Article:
Allogeneic bone marrow transplantation is most commonly used as treatment for leukemia. Allotransplantation is associated with several interrelated immunologic processes, graft rejection, graft-versus-host disease (GvHD) and graft versus leukemia (GvL). Graft rejection can be overcome by intensive pretransplant immunosuppressive therapy. Following transplantation, immunoreconstitution must occur from donor-derived progenitors and GvHD may occur from reactivity of donor-derived immunocompetent cells against host tissues. In a related, but distinct process, donor immunocompetent cells may react against the recipient leukemia and recent data confirm that this GvL effect plays a critical role in preventing posttransplant relapse. This report summarizes present data regarding the mechanism of these processes. A major challenge is to separate the beneficial GvL effect from GvHD, the major complication of allogeneic marrow transplantation. We summarize data regarding innovative approaches to modify the composition of the transplanted marrow to optimize clinical outcome as well as use of donor lymphocyte infusions as a means to induce posttransplant GvL.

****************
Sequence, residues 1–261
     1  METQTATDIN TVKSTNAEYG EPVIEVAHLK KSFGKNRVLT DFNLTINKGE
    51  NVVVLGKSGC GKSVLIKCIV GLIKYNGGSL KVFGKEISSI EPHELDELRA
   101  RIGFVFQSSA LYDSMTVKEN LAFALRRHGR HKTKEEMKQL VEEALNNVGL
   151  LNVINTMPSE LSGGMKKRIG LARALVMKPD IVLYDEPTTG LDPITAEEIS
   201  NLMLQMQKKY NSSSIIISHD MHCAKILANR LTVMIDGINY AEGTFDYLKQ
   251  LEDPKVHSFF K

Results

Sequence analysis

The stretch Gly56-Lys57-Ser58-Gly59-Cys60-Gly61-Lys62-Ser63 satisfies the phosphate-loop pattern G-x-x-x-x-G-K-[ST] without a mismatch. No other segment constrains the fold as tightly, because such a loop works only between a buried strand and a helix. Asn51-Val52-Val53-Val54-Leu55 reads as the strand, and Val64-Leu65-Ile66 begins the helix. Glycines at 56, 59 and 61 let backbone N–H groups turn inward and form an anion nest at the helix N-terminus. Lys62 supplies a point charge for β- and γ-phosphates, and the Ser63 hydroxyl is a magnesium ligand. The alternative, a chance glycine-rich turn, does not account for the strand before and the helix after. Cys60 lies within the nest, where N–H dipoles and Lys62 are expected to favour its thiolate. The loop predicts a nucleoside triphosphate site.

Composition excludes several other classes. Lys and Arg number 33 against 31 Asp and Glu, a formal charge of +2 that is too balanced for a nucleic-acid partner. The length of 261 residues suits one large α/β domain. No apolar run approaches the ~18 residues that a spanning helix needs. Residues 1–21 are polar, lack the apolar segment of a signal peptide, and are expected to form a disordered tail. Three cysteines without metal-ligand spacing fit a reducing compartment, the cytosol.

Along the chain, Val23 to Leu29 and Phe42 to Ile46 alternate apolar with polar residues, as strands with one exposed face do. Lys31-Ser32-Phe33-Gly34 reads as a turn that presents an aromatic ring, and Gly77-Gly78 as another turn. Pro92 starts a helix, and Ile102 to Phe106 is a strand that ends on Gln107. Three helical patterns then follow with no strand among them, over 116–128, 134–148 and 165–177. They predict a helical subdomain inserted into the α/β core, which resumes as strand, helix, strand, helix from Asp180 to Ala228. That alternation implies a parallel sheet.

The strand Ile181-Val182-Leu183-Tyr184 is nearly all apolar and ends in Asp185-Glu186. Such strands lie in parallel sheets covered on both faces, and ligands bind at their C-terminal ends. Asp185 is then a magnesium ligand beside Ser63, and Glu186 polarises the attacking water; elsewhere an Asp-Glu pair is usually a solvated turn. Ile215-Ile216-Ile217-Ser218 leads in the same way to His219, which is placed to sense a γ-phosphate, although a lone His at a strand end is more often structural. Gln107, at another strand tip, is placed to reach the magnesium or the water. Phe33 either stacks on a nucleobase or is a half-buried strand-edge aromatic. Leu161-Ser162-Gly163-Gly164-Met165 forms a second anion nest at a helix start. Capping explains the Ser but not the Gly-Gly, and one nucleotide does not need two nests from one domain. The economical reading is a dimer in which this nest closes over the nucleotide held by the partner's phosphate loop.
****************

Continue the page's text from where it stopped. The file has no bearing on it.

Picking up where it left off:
|Original language||English (US)|
|Number of pages||7|
|State||Published - Jan 1 1996|
- Bone marrow transplantation
- Graft-versus-host disease
ASJC Scopus subject areas